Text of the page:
Facing hurdles in land acquisition, India's first high speed train corridor between Mumbai and Ahmedabad is likely to miss the August 2022 target despite the fact that all other related work are going on in full speed.
Though the original plan was to make the 508 km-long, first high-speed route between Mumbai and Ahmedabad in the country operational by the end of 2023, the target was preponed by the Modi government to mark India completing 75 years of independence by partially commissioning the bullet train service on August 15, 2022. As such, the plan was to make the 50 km section from Surat to Billimora in Gujarat operational on Independence Day.
However, with only 50% of the land being acquired till date, it seems to be a tough job for the National High Speed Rail Corporation Limited (NHSRCL), the implementing agency of the project. Even the original target of making it operational by 2023 seems to be far now.
Land acquisition was delayed due to the 2019 Assembly elections in Maharashtra, while in Gujarat, the High Court in September had dismissed over 120 petitions filed by farmers challenging the process of their land acquisition for the project. The court was satisfied with the social and environmental impact assessment carried out by a private agency engaged by the NHSRCL, as per guidelines of the Japan International Cooperation Agency (JICA), which is funding the mega project.
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The project is facing resistance from farmers who are not ready to part with their land. Opposition to the project has been most strident in Palghar, a district near Mumbai. However, the NHSRCL has maintained that the acquisition is based on consent, and is fair and transparent. It is hopeful that land acquisition will be completed as as per its claims, people are coming forward and are participating in the land acquisition process with the help of the district administration.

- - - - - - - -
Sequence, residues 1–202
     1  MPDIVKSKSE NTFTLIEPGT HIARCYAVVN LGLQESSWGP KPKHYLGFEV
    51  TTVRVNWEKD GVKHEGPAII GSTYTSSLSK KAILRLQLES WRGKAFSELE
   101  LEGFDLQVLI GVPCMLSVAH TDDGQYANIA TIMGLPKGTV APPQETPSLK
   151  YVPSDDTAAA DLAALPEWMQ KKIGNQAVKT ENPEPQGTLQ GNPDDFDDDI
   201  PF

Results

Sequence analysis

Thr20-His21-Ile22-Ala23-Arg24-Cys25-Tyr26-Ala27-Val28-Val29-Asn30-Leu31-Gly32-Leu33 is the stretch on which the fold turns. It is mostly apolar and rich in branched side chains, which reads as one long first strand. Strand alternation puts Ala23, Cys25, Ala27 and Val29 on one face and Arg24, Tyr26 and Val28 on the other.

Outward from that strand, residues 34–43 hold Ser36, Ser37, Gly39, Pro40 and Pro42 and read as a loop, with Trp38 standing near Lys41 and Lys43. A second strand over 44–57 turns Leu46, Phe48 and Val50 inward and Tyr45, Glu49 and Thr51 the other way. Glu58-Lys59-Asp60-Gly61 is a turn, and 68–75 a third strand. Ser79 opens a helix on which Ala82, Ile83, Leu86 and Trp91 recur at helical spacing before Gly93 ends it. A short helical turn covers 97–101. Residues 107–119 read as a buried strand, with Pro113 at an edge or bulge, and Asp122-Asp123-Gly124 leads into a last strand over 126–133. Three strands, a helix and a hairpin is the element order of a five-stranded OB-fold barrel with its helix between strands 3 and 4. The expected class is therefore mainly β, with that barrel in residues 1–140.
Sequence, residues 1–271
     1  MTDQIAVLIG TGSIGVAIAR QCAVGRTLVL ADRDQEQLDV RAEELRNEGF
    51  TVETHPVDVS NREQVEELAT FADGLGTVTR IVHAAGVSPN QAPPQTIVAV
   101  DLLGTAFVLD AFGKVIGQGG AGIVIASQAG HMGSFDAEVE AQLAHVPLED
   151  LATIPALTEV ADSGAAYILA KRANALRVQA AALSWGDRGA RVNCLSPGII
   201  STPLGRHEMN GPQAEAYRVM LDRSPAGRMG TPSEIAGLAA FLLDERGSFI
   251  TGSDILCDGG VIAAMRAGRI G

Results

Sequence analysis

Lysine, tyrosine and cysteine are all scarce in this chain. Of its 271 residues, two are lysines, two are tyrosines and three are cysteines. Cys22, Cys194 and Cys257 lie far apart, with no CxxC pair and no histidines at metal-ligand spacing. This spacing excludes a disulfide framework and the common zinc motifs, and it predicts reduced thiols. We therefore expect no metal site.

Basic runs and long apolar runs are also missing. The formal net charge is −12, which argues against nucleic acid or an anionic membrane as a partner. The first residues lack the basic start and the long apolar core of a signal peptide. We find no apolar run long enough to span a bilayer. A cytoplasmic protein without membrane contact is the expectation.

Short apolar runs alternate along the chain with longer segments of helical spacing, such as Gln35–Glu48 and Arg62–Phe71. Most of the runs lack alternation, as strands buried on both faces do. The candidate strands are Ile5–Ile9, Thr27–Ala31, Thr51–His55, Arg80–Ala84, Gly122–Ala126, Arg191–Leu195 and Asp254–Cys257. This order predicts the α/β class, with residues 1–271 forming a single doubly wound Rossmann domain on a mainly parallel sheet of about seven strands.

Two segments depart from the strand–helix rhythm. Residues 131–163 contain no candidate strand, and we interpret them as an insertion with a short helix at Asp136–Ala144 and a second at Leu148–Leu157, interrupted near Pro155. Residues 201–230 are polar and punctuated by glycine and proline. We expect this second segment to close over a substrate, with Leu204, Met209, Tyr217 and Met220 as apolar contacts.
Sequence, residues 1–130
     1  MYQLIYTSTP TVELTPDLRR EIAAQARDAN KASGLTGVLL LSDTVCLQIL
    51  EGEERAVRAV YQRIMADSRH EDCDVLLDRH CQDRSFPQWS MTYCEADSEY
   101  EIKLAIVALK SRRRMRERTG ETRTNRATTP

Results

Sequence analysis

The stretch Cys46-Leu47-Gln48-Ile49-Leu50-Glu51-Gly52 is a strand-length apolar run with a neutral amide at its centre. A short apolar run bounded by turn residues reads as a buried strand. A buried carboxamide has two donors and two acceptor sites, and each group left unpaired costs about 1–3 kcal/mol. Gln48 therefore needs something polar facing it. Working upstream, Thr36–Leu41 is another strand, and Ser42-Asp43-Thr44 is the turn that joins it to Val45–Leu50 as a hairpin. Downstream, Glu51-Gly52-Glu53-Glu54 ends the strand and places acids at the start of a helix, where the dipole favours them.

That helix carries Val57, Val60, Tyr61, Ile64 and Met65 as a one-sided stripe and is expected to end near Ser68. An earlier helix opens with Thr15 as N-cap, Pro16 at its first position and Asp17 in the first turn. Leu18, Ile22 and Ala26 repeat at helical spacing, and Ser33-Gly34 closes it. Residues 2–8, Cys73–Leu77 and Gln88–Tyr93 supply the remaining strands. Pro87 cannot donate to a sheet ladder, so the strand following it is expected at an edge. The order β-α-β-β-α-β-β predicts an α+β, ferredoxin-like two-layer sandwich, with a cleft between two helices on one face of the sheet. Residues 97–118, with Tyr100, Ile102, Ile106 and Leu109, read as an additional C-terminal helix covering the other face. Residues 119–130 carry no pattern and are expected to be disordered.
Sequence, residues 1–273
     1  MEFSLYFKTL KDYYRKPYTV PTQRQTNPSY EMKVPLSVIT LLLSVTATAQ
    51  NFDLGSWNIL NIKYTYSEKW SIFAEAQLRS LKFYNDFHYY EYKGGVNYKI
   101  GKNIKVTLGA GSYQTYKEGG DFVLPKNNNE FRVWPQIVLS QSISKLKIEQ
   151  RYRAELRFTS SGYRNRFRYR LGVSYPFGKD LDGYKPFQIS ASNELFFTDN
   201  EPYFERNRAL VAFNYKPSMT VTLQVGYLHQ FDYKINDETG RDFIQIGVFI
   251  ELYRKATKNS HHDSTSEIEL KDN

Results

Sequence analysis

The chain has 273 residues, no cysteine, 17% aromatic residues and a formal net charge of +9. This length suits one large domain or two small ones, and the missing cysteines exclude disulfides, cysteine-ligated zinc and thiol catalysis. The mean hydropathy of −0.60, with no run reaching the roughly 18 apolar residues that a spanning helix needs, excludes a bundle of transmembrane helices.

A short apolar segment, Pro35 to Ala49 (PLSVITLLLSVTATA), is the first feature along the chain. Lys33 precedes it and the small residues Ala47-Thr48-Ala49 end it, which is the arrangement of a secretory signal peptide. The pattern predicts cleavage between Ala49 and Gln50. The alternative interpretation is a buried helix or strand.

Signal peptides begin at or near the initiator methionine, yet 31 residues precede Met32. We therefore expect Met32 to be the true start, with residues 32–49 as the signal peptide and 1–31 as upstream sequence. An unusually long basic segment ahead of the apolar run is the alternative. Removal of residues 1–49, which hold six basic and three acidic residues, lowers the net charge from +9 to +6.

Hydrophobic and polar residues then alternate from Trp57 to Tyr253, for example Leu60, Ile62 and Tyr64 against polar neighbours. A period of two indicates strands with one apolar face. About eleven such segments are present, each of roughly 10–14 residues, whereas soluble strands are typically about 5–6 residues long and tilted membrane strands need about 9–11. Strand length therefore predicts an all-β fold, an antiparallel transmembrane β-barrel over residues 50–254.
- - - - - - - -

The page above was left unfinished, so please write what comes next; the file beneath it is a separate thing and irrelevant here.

The entire high speed rail corridor will require 1,434 hectares of land with 353 hectares in Maharashtra and the rest in Gujarat. This is divided into 7,000 plots, in 195 villages in Gujarat and in 104 villages in Maharashtra. The project covers three districts in Maharashtra and eight in Guajarat, besides a small area in Dadra and Nagar Haveli.
In August 2019, Minister of State for Railways, Suresh Angadi, informed Parliament that 297 villages were located along the proposed route in Gujarat and 97% of land owners in the state had consented to land acquisition but the government was still facing challenges in acquiring land in certain pockets of Maharashtra.
It is estimated that of the total Rs 1,10,000 crore that will be spent on the project, Rs 88,000 crore will be given to India as loan. These loans will be available at 0.1% interest and India can repay them in 50 years with a moratorium on repayments up to 15 years.
The bullet train project was launched at a ceremony in Gandhinagar in Ahmedabad in September 2017 attended by the Japanese Prime Minister Shinzo Abe, along with Indian Prime Minister Narendra Modi.